Count Carlo Pepoli (22 July 1796 – 7 December 1881) was an Italian politician and journalist. He was also acclaimed as a poet, his most well-known work being the libretto for Vincenzo Bellini's final opera, I puritani which was given its premiere in Paris in January 1835.
Born in Bologna to the aristocratic Pepoli family, he was active in the movement opposing Austrian rule of Italy before being imprisoned and forced into exile in France after 1831. He spent a large portion of his adult life as an exile in both Paris, where he initially taught Italian. He also lived in England, where between 1839 and 1848, he was "Professore di Letteratura italiana" at University College, London. He returned to Italy briefly in 1848, then from 1859 resumed his political activities which continued to within a year of his death which took place in 1881 in his native city at the age of 85.
Smart describes his activities in both Italy and France, and the connections between them, as follows:
Perhaps the most important link between the aristocratic world of the Théâtre-Italien [in Paris in the 1830s] and that of the political exiles [in that city] was the poet Carlo Pepoli.....The oldest son and heir of a prominent Bolognese land-owning family, Pepoli fell in with the revolutionary generation of the 1820s and served in the provisional government that brieﬂy held power in the province of Romagna after the 1831 uprising. When the rebellion was quashed, the positions Pepoli had held as head of the Guarda provinciale and as prefect for the cities of Pesaro and Urbino earned him imprisonment in the Spielberg, a sentence that was commuted to exile thanks to French intervention.
Pepoli had married Elizabeth Fergus in England and, they returned to Italy for a short time in 1848 where he was commissioner with civil and military powers in Rome and a Deputy of the Roman Assembly.
With the ending of Austrian rule, he was able to return to Italy in 1859 and, with the country close to unification, he became a professor at the University of Bologna in 1860 and was elected deputy of the Constituent Assembly of Romagna, again becoming politically active up to 1880, serving as the Mayor of Bologna from 1862 to 1866, and as a Senator of the Kingdom of Italy.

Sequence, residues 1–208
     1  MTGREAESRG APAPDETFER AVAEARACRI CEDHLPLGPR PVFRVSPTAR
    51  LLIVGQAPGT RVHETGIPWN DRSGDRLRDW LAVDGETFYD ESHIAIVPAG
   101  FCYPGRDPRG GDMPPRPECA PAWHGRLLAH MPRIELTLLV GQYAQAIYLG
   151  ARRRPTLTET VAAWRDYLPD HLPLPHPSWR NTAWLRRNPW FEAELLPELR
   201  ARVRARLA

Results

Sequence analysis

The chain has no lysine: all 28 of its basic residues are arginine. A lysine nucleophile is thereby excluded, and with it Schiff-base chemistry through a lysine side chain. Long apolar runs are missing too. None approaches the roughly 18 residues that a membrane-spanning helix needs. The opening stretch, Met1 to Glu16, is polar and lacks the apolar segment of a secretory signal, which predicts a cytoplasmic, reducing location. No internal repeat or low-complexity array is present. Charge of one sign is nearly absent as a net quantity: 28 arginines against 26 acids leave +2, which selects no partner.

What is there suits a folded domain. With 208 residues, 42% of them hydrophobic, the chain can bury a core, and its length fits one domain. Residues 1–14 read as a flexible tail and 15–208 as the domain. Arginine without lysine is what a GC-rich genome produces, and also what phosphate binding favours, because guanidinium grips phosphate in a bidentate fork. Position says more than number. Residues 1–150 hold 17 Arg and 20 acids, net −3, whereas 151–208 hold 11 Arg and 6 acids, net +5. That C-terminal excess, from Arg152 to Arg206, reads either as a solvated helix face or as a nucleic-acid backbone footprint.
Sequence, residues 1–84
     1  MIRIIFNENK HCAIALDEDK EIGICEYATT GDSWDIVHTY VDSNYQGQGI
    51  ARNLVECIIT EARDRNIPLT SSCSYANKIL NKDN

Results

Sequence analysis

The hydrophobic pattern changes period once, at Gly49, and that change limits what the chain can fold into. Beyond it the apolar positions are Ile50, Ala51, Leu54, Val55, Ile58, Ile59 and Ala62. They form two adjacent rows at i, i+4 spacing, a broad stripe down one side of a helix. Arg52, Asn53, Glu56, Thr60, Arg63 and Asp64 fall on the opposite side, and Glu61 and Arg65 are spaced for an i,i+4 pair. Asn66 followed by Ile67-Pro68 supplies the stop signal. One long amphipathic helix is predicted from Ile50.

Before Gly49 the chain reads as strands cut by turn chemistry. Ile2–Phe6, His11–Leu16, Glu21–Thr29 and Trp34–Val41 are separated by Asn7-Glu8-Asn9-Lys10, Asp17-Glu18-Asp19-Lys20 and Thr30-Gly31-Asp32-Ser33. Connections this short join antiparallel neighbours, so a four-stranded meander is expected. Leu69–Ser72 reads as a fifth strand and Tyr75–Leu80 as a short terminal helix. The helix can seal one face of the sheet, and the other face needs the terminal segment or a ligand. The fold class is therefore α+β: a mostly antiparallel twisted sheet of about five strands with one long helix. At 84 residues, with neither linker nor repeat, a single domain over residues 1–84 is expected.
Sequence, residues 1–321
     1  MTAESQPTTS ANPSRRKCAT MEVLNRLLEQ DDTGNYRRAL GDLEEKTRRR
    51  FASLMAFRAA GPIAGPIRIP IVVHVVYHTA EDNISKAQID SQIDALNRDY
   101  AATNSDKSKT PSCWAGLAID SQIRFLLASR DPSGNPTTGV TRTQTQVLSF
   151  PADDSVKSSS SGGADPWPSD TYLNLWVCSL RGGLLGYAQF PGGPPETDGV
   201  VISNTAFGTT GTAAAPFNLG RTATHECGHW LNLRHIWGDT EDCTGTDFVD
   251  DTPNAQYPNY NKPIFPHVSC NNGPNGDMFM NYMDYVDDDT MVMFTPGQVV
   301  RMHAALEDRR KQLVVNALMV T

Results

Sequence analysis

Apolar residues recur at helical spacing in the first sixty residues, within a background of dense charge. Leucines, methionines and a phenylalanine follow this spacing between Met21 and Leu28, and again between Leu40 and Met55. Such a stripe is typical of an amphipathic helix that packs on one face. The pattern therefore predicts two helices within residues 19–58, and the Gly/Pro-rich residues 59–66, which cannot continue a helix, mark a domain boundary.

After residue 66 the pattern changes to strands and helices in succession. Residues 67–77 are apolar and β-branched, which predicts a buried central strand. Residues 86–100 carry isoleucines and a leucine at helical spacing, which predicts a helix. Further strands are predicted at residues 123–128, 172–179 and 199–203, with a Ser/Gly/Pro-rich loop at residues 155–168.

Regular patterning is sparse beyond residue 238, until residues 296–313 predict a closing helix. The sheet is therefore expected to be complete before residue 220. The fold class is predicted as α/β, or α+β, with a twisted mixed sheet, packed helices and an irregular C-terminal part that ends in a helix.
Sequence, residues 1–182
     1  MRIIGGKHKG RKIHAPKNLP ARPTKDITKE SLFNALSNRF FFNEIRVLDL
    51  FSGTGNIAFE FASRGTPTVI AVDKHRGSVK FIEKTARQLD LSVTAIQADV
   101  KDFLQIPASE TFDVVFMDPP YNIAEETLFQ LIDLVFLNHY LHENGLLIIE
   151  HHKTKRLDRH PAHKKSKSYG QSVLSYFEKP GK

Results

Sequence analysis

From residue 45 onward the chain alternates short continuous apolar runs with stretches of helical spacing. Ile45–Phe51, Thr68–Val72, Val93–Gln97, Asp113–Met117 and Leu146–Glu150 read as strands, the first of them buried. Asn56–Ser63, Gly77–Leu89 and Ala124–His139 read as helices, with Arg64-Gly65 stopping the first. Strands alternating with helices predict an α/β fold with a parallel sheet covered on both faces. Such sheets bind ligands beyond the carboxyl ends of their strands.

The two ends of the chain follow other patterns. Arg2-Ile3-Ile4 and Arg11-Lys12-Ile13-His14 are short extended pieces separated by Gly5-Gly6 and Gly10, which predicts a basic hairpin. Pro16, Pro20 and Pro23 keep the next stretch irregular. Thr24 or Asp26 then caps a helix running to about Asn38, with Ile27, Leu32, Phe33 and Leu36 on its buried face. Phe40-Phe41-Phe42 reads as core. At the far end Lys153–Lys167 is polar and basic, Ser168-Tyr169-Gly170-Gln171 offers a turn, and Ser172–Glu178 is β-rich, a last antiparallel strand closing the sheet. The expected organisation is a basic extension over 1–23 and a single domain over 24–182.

Smart notes that "once he arrived in Paris he renewed his acquaintance with Giachino Rossini and took on a few libretto commissions to supplement his main income as a tutor of Italian." Of these, he became best known for the libretto he prepared for Bellini's I puritani, written between 1834 and its premiere in January 1835.
In Paris from 1832, he contributed to L'Esule, the newspaper of the Italian exiles printed in Paris and he is known to have been a part of one of the most important salons of these years, which became a meeting place for Italian revolutionaries such as Vincenzo Gioberti, Niccolò Tommaseo, and Camillo Cavour. It was run by the exile Princess Belgiojoso who "was by far the most overtly political of the salonnières. Like Carlo Pepoli, she lived in Paris under duress", states Smart. Bellini quickly became involved with the princess' salon after his arrival in 1833 and it is there that he met Pepoli.
Along with the major operatic work, Smart notes that Pepoli "picked up" additional work including writing the poetry for two sets of song cycles, one each for Rossini (in 1835) and for the Italian composer Saverio Mercadante in 1836: Smart sees "the link between the two collections [as being] revealed ﬁrst of all by their titles: Rossini’s rather generic Soirées musicales becomes in Mercadante’s hands the more evocative Soirées italiennes". In addition, the Rossini set is supplemented by four settings of texts by Metastasio.